Told my husband tonight that he'd better have something sugar-y ready for me in case I go way too low while sleeping (as took my first Met(500) tonight and then will have a Tresiba shot in a little while. Today the endo NP said that I should take Met500 during my largest meal, for a week, then she would up it to 1000 depending on how things go for me. Ironically and oddly, my glucose reading was quite good this morning (it fluctuates, but had been around 130-140 fasting for a while, on occasion lower, lowest a couple wks ago scared me at around 80, and that was w/o Met), but realize today's good readings were 'flukes.'

Monday's second opinion from an ob-gyn onc. surgeon is going to be scary because of all the complications going on. The heart specialist I've yet to see in person, mind you; he might not even 'okay' this surgery since my heart is working at only 40 percent. The GP is going to access all my medical records and see what's all going on in that regard as well. (Another ob-gyn onc. surgeon told me I have to have this major surgery, and a.s.a.p. However, getting to talk to this other doc for a second opinion, there's no way it'll be a.s.a.p. as we were told it has to be done. So far we're (both) hanging on despite what's going on.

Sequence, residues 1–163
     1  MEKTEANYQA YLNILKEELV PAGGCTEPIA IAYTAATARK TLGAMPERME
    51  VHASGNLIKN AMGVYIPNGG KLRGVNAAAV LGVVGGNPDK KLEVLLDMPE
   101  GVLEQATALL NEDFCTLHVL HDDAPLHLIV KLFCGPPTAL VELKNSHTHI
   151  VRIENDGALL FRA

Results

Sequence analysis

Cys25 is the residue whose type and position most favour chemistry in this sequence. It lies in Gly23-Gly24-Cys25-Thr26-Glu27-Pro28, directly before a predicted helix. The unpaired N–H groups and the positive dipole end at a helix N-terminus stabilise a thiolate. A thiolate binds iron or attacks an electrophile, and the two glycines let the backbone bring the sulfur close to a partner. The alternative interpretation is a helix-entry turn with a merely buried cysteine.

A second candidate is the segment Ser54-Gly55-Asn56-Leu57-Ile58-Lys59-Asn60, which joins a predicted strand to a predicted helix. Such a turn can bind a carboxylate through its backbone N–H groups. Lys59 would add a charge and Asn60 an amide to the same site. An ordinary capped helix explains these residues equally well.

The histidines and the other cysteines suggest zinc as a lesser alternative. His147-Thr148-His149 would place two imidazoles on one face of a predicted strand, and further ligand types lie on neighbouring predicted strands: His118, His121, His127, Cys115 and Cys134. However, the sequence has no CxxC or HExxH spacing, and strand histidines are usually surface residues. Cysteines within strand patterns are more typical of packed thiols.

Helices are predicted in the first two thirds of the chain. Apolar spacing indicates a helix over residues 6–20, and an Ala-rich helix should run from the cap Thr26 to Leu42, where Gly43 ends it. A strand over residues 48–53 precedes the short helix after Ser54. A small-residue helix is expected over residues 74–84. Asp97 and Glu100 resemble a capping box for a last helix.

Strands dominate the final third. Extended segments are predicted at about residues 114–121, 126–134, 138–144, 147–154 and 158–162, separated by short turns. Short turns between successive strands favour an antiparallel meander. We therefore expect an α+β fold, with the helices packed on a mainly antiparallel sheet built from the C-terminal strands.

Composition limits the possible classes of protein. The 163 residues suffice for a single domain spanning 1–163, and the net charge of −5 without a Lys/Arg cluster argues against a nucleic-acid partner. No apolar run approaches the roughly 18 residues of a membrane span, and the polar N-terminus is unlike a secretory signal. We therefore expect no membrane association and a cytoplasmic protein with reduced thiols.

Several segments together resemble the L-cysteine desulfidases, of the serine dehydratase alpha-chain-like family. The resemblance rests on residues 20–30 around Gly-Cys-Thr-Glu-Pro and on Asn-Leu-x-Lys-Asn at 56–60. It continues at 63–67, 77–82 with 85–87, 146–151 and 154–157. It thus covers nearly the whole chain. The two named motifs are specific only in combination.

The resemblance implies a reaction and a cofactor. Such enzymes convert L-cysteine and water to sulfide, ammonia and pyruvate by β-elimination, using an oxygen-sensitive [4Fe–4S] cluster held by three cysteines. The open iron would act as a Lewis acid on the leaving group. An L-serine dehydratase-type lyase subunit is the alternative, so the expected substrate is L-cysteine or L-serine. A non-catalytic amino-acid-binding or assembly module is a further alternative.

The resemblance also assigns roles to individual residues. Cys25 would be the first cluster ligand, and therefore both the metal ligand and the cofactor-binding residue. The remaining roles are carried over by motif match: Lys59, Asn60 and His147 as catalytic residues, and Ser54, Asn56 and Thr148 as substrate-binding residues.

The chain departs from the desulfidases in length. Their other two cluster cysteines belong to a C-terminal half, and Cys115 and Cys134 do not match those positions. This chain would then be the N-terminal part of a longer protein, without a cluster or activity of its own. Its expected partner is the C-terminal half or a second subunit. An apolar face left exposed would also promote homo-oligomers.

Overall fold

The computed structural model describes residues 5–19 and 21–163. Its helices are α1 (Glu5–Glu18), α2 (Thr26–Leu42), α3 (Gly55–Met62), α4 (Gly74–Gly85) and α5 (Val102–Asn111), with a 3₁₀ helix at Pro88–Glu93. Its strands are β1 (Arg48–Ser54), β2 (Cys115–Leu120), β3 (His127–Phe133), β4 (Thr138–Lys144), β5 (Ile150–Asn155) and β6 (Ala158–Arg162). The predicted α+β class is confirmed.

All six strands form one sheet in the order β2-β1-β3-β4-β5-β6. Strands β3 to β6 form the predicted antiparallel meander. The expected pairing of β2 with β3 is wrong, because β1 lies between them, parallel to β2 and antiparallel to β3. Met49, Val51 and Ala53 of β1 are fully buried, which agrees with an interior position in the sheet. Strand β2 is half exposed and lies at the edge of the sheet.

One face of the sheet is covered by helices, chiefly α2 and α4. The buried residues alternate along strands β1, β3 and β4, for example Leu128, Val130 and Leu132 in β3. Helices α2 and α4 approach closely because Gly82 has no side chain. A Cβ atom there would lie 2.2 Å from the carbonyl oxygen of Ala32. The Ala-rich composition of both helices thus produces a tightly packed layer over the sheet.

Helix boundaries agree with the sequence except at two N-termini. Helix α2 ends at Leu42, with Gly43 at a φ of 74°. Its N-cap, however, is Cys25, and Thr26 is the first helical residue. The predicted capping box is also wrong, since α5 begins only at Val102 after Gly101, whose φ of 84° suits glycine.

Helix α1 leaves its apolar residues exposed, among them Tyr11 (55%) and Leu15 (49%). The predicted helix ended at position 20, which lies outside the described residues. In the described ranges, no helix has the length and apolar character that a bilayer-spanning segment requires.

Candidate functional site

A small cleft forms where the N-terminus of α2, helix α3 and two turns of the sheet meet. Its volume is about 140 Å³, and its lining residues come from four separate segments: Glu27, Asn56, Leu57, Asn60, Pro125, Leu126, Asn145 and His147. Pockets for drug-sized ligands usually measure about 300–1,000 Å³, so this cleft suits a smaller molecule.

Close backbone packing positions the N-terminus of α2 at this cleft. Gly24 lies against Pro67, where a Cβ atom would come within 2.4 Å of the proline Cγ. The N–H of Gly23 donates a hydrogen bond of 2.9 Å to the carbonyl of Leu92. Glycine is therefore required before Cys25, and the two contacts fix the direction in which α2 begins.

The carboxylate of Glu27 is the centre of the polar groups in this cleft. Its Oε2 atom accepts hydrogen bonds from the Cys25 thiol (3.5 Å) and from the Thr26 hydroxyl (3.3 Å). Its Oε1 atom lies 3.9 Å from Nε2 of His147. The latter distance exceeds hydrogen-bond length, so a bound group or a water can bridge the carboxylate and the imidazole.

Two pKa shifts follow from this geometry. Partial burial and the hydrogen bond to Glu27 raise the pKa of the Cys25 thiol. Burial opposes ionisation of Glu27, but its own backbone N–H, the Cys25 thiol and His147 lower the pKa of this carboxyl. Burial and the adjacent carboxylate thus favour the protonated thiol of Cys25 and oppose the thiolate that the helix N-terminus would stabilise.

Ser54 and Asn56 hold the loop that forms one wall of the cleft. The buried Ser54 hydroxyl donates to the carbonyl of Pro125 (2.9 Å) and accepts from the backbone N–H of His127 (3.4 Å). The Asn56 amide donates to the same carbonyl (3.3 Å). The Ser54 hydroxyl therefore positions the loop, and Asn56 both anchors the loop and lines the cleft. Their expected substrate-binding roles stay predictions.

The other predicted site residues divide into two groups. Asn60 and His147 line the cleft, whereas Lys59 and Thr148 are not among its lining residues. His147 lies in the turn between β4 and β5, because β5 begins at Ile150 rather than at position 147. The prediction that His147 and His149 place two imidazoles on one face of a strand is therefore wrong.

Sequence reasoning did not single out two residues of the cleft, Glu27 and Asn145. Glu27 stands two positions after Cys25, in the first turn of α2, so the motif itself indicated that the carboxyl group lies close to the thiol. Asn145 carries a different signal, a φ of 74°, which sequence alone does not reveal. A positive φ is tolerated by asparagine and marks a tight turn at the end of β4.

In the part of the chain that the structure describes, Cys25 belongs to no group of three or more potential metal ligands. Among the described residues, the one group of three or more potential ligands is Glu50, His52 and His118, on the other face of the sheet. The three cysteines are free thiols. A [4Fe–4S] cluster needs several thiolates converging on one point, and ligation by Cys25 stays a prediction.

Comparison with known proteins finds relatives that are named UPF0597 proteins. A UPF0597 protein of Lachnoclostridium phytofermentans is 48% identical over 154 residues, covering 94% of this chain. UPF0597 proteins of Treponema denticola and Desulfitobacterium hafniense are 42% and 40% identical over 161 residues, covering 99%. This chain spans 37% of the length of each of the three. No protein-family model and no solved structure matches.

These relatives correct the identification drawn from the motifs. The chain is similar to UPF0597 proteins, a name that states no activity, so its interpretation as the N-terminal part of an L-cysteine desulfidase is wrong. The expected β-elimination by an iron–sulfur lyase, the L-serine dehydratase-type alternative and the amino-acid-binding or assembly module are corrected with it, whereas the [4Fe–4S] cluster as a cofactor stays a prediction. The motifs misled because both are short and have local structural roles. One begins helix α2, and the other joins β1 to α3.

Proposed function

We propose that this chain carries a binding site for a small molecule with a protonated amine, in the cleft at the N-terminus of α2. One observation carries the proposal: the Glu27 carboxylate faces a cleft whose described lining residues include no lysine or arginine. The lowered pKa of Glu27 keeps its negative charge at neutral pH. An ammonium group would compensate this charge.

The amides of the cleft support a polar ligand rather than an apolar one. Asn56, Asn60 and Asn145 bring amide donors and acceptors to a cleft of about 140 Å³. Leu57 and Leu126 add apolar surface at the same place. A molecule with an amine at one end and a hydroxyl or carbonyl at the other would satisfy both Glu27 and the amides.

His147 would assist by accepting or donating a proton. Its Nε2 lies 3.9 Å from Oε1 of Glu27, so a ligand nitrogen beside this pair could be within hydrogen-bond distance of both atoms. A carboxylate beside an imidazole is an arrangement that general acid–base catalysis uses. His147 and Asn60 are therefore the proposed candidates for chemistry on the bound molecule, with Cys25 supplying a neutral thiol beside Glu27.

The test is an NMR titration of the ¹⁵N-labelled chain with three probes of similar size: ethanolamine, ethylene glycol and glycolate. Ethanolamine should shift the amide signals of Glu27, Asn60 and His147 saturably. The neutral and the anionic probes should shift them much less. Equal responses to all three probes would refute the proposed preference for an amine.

Might not be on this area for quite a while depending on what happens so please bear with me.
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Old 11-15-2017, 07:38 AM   #26
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Anne, I'm so sorry for all the medical issues you are experiencing. It does sound like your medical team is staying on top of things....I do hope they are all communicating with each other. You are correct that the Lisinopril can cause a cough...it's an ACE Inhibitor and cough is the number one side effect. I'm thinking your doctor switched you to an ARB which works like an ACE without the cough. I wish you the best of luck and send positive thoughts your way for improving health. Please keep us posted on how you're doing.
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Old 11-15-2017, 07:48 AM   #27
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I echo all that Ronnie said and want to add that the Metformin helps control blood sugar, but does not actually lower it the way the Tresiba does.
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Old 11-15-2017, 08:23 AM   #28
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Iím glad you are being totally evaluated Anne. It does sound like your docs are staying on top of your situation. All the best in your upcoming treatments. Please let us know how you are doing when you can!